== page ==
When you’re flying over everything in between,
you’re going 554 mph, which is too fast
to take in a race at the Speedway.
And that’s a ground speed of 572 mph,
too fast to take in the Michigan-Ohio State game.
You have a tailwind or a headwind
when you fly over, and you’re at 39,095 feet,
which is too high to see toxins in the Flint River.
The outside temperature is minus-62 degrees F.
But you just want to get to that coast
where it’s warm and the surf’s up
or where you can sit in front of a cozy fire
and be learnèd.
In the everything in between there are people.
Millions of them with coughs and blisters,
bellyaches and rust in the underpinnings.
Their kitchens need groceries, their houses need paint,
which is the least of what their spirits need.
They once felt connected to their neighbors,
to their bosses, to their unions, to the hearts
of men and women they sent to govern them.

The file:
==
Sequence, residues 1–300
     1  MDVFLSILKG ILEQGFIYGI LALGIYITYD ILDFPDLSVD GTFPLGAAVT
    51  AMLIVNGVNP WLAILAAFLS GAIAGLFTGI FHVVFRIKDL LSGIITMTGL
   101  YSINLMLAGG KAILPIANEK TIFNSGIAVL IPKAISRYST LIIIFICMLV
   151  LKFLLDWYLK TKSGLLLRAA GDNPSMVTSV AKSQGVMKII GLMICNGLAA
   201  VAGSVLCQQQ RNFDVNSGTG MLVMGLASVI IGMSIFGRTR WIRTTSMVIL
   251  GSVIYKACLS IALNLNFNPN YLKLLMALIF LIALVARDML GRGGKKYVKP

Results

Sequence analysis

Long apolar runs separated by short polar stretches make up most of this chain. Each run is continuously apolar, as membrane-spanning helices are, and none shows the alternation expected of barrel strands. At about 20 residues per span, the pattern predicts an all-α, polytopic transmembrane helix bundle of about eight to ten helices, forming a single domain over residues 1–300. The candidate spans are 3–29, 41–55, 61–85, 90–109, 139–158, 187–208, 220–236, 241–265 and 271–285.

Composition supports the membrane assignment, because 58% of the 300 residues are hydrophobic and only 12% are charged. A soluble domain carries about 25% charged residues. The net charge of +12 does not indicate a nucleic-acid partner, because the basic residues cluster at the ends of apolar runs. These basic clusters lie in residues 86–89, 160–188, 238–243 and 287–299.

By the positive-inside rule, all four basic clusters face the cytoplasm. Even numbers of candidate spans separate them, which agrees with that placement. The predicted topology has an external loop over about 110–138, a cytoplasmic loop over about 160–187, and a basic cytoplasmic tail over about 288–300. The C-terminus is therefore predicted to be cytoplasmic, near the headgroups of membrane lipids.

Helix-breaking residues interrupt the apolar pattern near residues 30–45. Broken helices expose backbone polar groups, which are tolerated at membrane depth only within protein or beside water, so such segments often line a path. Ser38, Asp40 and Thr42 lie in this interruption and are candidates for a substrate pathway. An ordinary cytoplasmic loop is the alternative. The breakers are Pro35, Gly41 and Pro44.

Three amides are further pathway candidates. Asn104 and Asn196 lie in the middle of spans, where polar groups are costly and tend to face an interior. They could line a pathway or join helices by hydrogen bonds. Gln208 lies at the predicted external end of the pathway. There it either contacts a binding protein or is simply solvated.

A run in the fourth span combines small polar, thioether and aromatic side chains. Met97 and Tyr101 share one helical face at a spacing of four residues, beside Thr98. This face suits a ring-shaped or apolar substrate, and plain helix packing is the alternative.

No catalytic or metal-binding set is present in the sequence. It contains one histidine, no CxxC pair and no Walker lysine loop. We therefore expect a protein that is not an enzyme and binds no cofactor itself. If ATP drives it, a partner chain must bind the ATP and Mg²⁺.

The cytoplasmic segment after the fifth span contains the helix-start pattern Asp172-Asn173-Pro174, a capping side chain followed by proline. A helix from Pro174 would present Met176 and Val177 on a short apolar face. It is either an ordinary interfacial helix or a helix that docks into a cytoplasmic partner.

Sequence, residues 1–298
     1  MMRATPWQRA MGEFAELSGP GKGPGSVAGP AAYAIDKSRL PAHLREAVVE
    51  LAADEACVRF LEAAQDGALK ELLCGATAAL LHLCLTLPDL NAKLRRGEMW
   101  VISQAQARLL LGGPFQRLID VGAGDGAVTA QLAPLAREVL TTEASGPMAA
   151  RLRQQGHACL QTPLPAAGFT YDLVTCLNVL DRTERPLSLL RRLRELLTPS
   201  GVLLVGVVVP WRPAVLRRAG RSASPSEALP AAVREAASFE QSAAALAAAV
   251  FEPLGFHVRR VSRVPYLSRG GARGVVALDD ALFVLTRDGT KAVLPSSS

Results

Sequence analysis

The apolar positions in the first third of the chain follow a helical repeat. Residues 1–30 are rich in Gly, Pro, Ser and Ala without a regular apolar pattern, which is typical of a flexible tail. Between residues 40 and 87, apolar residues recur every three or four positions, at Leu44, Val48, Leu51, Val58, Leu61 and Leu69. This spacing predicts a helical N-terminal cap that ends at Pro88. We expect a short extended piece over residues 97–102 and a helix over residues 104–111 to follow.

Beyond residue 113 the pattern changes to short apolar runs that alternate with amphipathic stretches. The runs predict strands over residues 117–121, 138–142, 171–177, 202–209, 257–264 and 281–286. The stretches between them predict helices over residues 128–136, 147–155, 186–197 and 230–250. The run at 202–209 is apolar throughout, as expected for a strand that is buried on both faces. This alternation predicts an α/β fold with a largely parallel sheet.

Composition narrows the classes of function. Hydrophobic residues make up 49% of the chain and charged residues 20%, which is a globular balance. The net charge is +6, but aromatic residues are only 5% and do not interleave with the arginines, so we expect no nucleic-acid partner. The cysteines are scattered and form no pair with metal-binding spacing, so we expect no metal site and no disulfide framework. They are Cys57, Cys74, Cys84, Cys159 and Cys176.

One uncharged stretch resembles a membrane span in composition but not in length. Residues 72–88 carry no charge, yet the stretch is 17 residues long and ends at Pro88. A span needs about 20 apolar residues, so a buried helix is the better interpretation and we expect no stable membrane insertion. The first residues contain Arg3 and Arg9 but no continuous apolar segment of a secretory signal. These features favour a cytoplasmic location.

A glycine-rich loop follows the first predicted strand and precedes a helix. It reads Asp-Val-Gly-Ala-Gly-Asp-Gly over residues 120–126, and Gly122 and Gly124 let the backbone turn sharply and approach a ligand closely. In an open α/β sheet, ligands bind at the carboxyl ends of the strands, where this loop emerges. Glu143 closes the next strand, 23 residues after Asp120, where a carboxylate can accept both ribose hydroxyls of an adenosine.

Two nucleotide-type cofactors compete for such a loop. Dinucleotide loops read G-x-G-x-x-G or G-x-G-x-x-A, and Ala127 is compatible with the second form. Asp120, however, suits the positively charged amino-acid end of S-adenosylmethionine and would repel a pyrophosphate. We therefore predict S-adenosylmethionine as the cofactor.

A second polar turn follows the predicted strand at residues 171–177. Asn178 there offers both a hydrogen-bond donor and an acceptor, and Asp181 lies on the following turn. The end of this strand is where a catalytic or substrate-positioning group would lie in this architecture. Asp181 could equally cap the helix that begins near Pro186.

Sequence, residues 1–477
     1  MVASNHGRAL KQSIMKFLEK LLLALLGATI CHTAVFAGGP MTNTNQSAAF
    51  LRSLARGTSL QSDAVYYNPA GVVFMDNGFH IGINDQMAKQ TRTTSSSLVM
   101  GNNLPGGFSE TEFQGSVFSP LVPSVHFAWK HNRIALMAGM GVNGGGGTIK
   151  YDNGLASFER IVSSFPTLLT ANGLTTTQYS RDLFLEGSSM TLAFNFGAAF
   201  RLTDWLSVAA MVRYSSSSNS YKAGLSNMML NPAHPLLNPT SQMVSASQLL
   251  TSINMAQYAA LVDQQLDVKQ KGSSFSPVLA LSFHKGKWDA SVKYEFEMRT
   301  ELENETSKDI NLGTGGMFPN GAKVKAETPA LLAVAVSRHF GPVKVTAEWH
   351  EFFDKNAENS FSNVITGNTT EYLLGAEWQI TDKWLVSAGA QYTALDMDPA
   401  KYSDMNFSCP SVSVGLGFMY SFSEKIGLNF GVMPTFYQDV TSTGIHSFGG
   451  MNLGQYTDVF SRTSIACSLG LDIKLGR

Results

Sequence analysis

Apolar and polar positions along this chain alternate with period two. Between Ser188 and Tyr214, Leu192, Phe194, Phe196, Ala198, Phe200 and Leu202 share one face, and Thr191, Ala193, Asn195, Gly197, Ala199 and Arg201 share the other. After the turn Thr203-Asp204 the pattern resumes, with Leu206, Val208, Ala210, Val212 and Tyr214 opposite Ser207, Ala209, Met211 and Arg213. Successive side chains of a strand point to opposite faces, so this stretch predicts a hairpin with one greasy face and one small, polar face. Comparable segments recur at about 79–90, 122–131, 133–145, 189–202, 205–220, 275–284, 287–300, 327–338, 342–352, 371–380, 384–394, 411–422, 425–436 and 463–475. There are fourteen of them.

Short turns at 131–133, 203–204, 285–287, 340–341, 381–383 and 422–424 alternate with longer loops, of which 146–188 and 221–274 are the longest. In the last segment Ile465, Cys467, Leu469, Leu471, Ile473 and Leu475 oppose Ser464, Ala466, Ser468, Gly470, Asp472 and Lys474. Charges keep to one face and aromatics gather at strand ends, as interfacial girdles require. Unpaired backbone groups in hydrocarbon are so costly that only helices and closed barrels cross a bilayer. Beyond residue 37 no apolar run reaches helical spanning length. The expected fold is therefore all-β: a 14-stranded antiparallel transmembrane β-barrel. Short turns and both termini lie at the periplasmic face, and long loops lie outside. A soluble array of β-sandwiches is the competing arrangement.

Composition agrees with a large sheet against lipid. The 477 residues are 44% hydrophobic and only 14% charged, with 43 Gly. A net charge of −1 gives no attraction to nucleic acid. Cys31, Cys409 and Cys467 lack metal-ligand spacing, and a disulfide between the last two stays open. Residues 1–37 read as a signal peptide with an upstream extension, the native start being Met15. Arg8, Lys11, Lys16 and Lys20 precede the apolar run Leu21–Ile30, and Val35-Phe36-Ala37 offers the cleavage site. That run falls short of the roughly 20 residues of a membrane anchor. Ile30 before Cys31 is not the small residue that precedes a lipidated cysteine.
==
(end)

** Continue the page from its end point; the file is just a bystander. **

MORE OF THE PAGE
That’s gone now. It’s as if they’ve been dropped
onto dry ice and all sensation has left them.
When a voice spoke of getting it all back,
they believed the voice.
They heard it in spite of its rasp
and its syllables mouthed out of both sides.
And when the voice said their roads would be fixed,
their bridges rebuilt, their fuel limitless,
and that would mean jobs,
they looked up into the sky and gave thanks.
They didn’t see what was flying over.
Anne Harding Woodworth is the author of five books of
poetry, most recently, Unattached Male (Poetry Salzburg, 2014).